Now, in the case of this Tesla, someone had a spare key fob that they obviously forgot was in the car and visible through the window, but the car still reacted like normal as the other key fob walked away and the car auto locked it’s doors, but since the spare was still in the car, the thief was able to just touch the door handle to unlock the car because it didn’t know they weren’t the owner since it saw that a proper key fob was still in proximity.

    This is a case of id10t error, but still a problem that someone needs to try and solve.

    • PhilBoogie - 7 years ago

      That someone would be me. And I’m not just a little confused, I’m dumbfounded by the Tesla engineering team who seemingly have a collective IQ of a single digit.

      The fact that the system, the car, the security, whatever, wasn’t designed to overcome this scenario is beyond me. This is not just stupid, this is Microsoft stupidity level.

      The car should alert the owner that one fob was walking away and another fob was still inside.

      • garfnodie - 7 years ago

        I agree that it’s a problem, but in Tesla’s defence, I don’t think they’re the only one with the problem.

        My step mother has a Nissan Rogue with a proximity base system as well. It doesn’t have all the fancy, real-time GPS tracking, or phone app, but I should be able to test this out since both my Dad and step-mother have their own proximity fob. I’ll test it tomorrow and see how it reacts to leaving a fob in the car and I’ll report back here.

      • PhilBoogie - 7 years ago

        You trying this out and report back? That is freaking awesome!

      • Drucifer - 7 years ago

        Really?!? For 100 years, cars have never told owners to take the keys with them and lock up. This is no different. People need to take responsibility for their vehicle security, period.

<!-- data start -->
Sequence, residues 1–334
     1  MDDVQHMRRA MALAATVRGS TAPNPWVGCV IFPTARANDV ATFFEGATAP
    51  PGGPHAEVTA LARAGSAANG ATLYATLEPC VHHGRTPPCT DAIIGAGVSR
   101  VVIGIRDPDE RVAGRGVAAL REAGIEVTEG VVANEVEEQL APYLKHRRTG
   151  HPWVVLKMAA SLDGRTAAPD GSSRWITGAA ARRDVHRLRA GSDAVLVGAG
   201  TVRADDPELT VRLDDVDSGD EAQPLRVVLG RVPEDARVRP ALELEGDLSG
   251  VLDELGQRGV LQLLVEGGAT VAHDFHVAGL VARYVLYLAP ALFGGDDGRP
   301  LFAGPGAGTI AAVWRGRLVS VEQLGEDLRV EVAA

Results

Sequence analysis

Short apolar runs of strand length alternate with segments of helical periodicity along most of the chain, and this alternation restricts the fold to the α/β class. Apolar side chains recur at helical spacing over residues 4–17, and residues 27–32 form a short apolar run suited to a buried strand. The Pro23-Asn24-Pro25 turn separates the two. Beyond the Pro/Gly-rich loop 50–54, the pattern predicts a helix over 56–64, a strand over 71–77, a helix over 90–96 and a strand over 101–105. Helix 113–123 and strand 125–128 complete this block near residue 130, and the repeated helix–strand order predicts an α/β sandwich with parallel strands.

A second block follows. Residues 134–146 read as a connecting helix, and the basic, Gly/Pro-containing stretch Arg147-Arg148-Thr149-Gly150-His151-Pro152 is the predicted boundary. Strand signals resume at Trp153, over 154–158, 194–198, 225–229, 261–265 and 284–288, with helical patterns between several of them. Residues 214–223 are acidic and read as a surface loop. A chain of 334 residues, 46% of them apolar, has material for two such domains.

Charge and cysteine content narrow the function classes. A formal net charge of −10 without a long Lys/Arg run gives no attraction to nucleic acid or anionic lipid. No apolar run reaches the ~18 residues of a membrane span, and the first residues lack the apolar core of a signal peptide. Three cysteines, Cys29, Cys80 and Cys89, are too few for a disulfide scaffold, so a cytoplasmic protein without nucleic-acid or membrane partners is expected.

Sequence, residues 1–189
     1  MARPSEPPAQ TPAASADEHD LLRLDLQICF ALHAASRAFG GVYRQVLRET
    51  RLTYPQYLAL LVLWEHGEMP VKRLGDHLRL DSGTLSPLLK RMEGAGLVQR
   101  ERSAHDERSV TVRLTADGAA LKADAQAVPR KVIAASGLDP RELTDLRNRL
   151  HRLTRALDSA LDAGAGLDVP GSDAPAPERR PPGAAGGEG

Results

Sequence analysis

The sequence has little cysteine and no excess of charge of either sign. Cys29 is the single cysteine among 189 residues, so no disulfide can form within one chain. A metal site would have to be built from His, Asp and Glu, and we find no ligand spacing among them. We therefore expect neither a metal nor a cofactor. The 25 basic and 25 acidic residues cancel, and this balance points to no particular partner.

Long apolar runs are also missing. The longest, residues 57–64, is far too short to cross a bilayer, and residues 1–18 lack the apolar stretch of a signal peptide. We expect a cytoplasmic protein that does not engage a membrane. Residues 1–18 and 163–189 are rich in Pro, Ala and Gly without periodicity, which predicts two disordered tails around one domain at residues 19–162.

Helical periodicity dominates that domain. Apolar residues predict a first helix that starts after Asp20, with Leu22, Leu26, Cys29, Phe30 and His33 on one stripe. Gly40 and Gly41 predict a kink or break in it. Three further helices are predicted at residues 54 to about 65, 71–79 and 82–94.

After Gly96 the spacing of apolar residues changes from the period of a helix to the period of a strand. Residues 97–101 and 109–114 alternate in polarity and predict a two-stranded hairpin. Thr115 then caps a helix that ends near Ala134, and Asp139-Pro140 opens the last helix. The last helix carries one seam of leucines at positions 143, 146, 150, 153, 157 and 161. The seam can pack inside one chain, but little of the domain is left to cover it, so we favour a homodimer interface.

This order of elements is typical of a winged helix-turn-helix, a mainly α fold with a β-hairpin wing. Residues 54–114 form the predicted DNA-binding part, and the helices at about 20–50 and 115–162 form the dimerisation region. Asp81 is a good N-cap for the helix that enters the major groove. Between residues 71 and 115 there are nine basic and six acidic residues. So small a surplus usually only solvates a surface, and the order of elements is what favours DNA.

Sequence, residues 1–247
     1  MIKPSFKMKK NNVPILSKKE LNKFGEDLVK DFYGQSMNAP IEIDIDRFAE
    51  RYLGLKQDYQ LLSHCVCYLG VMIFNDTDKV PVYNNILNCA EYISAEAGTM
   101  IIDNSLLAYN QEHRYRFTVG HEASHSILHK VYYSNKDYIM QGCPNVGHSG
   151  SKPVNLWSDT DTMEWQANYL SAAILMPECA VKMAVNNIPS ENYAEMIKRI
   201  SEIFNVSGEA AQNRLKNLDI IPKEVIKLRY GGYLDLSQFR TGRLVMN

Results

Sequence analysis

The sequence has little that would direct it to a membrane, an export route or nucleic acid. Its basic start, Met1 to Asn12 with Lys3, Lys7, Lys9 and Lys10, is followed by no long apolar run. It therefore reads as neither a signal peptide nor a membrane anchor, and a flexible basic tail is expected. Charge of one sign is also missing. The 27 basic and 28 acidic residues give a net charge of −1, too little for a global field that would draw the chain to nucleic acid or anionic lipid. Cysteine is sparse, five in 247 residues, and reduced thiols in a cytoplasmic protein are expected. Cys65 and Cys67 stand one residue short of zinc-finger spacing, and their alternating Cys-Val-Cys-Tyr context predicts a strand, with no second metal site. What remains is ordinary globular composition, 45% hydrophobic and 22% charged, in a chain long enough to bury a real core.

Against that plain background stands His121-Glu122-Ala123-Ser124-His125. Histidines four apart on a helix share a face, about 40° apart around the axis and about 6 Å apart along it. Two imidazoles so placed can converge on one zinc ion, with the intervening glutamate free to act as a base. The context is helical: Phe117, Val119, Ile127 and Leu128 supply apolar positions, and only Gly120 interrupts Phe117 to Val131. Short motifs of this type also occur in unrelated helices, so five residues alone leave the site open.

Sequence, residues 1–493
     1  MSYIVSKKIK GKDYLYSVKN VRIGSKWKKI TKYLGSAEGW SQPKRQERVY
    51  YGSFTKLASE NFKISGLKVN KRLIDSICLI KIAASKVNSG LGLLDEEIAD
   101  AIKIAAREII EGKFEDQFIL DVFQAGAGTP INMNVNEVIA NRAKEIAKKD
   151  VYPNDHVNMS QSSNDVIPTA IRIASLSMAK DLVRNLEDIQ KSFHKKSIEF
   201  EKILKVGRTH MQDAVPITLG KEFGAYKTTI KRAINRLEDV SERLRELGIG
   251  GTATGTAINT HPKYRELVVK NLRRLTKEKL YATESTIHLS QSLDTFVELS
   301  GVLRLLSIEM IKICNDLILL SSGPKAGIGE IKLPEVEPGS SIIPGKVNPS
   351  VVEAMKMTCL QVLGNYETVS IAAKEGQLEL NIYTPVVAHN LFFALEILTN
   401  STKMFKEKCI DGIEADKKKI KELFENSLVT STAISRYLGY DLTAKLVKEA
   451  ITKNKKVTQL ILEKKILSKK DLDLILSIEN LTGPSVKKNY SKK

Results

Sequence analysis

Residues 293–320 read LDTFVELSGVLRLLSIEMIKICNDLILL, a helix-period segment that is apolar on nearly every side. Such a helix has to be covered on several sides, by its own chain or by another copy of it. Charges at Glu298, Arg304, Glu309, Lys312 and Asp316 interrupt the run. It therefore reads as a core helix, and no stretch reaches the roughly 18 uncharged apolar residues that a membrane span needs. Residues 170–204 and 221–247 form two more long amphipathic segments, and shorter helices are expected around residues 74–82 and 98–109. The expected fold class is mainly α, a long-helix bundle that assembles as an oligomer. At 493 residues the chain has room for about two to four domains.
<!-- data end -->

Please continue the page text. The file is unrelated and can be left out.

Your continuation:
• garfnodie - 7 years ago

        So I tested my step mothers Nissan. With key fob A on the driver side seat and having been locked with key fob B, fob B is then taken inside, come back to car and press unlock button on door handle and the car would not unlock. I had to go inside and get fob B and then pressing the unlock button on door handle unlocked the car.

      • PhilBoogie - 7 years ago

        1) Thanks for testing this out an posting back.

        2) This proves that Tesla has completely fucked up here. Had they put any thought into the design of auto-locking the car by walking a away with a fob they wouldn’t made this useless non-secure system.

  5. Hkelly00 - 7 years ago

    My 2010 Lexus LS460 would not lock, and would begin a loud alert noise if you left the main fob or a spare in the car. Very handy backup for those of us who are prone to absent-mindedness. Tesla should do the same.

    In the meantime, I have made it a habit to look back and be sure the mirrors are folded back. If you have enabled auto-fold this is proof positive that the car is locked.

    • garfnodie - 7 years ago

      I’m still reserving my judgment on Tesla until I’ve had a chance to test my parents Nissan. If the Nissa works like your Lexus though, then Tesla certainly messed this one up, but it’s most likely fixable in software, so they could send the fix out OTA and no one ever has to go to a dealer.

  6. John - 7 years ago

    Teslas have a setting where you can let the car lock itself once it no longer detects a fob, or you can manually lock it. If you leave the fob in the car and manually lock it.. It’s locked. If you leave the fob in the car and the car is set to lock itself, it won’t lock. This is the owners fault.. Not Teslas

    • PhilBoogie - 7 years ago

      I disagree; and not just because a Nissan Rogue does lock while leaving a fob inside the car, but mores that it’s advertised as ‘simply walk away’ instead of advertising this feature with ;simply walk away and don;t leave spare fob inside the car’.

      Tesla completely screwed up here. It makes one wonder what other design flaws we will surfacing.

  7. Jeffrey Hudson - 6 years ago

    leaving a key fob in a car is a definite no – no.